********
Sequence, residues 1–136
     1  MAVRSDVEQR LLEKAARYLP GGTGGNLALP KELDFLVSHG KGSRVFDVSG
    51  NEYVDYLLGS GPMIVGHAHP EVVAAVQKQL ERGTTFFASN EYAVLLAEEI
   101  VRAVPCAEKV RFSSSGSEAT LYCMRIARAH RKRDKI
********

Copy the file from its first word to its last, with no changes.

Sequence, residues 1–136
     1  MAVRSDVEQR LLEKAARYLP GGTGGNLALP KELDFLVSHG KGSRVFDVSG
    51  NEYVDYLLGS GPMIVGHAHP EVVAAVQKQL ERGTTFFASN EYAVLLAEEI
   101  VRAVPCAEKV RFSSSGSEAT LYCMRIARAH RKRDKI